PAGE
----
First of all dieters. I’ve repeated often enough that diets only work for about 10% of those who go on them, maybe 20% if we’re being generous.
A recent report suggests women have tried 61 diets by the age of 45.
The best ones rely on peer support or group pressure, whichever way you want to look at it. But new research from universities in the USA and China has found that while groups such as WeightWatchers tend to be very supportive at first, they become more competitive and less likely to share tips as they become slimmer and progress towards their goal.
“When consumers start working towards a goal they often feel uncertain about how to achieve the goal and see others at a similar stage as friends. They pass on helpful tips and cheer each other on.”
As they progress however they feel more confident and believe they don’t need the support from others so they become distant and keep information to themselves. At that stage only 42% said they were still providing tips and support compared with almost 80% at the start of the programme.
As the support network breaks down dieters who depended on mutual support are more likely to give up. Group weigh-ins and discussions became less sociable as the groups progressed and members grew more confident about their ability to lose weight with support.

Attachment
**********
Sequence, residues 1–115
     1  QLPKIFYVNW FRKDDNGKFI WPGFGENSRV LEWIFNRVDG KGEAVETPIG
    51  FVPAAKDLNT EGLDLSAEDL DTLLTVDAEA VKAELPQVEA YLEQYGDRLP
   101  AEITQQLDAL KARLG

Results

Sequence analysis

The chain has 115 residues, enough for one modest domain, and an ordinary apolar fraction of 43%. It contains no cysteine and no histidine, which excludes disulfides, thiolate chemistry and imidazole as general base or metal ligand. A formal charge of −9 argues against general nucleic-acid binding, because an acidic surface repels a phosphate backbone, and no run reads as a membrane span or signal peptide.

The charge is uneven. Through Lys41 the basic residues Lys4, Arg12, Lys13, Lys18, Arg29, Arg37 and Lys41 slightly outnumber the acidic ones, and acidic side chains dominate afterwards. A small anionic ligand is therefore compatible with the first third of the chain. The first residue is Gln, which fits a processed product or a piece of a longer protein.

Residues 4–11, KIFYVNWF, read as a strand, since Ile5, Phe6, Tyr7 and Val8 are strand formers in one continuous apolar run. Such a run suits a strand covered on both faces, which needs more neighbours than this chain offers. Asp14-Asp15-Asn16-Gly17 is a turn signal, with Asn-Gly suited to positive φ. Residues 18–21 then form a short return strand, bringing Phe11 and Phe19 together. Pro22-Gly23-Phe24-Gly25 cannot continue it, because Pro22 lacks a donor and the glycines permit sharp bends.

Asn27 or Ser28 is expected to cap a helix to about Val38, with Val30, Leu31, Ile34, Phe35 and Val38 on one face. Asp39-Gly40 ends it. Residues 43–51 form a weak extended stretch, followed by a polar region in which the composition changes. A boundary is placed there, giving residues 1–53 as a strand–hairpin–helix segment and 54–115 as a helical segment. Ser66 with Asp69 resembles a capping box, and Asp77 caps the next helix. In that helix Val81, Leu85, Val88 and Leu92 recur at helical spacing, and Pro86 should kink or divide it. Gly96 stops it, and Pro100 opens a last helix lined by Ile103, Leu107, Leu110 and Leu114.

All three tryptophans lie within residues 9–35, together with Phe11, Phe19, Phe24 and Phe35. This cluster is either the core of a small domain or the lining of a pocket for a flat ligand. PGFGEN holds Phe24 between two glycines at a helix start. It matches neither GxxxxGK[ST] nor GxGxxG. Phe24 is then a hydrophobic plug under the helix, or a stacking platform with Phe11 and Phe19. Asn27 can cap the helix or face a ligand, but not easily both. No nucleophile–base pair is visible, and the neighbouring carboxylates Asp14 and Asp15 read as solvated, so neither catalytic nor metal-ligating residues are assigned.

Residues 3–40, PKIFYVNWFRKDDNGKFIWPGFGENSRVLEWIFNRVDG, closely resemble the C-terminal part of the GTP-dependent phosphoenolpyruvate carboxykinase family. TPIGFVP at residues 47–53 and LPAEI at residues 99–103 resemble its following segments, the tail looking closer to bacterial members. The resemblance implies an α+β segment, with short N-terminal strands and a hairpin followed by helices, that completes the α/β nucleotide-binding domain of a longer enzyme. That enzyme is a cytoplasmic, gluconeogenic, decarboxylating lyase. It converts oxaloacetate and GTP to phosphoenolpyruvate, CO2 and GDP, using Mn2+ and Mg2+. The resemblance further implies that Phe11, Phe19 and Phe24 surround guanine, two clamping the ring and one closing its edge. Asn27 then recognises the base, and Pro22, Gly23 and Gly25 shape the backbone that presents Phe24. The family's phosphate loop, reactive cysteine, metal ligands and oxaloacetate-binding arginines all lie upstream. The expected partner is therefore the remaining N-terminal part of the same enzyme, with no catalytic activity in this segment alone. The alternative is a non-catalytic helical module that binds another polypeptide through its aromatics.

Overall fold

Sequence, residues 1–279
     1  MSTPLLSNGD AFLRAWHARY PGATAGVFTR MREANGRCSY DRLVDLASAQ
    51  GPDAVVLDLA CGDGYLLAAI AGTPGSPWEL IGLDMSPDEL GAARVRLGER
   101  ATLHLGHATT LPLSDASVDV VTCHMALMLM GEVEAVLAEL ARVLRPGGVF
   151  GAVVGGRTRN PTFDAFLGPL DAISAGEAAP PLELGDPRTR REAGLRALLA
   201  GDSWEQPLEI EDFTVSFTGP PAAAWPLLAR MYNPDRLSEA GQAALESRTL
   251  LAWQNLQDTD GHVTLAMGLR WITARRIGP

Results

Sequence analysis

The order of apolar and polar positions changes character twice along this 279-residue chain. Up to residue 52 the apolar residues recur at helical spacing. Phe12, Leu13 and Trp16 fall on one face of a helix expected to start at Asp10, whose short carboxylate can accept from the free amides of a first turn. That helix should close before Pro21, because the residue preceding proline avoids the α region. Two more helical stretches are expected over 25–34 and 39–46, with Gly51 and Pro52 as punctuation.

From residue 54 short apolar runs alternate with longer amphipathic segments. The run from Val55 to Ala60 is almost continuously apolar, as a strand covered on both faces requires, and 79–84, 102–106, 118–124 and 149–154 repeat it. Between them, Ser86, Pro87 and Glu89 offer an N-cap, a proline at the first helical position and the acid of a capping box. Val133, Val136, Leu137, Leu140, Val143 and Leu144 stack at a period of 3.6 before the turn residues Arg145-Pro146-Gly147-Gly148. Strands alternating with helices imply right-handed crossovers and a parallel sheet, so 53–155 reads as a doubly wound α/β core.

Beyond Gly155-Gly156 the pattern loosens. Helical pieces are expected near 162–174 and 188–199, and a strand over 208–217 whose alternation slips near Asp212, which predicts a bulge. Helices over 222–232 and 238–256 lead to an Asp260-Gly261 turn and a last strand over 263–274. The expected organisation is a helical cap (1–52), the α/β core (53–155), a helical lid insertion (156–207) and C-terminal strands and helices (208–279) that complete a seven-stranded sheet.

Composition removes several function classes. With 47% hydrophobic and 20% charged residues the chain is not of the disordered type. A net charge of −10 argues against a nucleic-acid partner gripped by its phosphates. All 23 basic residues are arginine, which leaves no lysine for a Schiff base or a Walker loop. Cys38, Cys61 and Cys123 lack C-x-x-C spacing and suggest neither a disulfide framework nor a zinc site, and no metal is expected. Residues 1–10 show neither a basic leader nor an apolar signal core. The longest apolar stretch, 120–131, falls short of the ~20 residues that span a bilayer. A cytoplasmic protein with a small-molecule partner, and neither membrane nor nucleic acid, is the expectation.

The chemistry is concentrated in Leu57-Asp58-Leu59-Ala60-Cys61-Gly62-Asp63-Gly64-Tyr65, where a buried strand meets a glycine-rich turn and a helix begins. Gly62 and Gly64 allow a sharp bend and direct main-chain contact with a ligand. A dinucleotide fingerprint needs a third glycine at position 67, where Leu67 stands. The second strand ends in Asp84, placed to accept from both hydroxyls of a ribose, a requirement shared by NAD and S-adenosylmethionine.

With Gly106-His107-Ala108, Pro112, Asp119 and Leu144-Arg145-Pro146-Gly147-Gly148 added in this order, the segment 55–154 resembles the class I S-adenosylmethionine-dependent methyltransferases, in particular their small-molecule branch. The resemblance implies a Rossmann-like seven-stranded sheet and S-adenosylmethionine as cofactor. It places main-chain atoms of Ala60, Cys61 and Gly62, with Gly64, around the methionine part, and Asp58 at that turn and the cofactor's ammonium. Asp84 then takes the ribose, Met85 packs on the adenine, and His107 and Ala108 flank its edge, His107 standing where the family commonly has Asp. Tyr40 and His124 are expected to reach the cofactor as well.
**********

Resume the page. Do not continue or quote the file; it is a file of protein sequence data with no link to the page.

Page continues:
The same problem could also apply to other group-based support programmes
The challenge is for group leaders to find ways of keeping the members engaged and preventing them giving up on their goals.
Secondly fitness programmes. Researchers at University College London found that the third week in January is when New Year resolutions start to waver.
Using data from Facebook they found that the number of people checking in at locations with “fitness” or “gym” in the name is 10% lower in February than at the beginning of January.
January sees a 50% surge in such check-ins compared to December. As it takes 66 days to make a resolution stick and create a habit only those who stick at it until March will be successful in continuing to keep fit.
According to psychology professor Peter Gollwitzer at New York University the key to success is not to brag about it. Those who tell their friends about their goal believe they are half-way there whereas those who keep quiet about their intentions are forced to prove them through action.
Not sure I agree with that but it shows that getting fit or losing weight is as much about your state of mind, your focus, and your goal-setting as the actual activity you undertake. Having supportive friends is, I feel important, but once you start competing with them you may lose their support.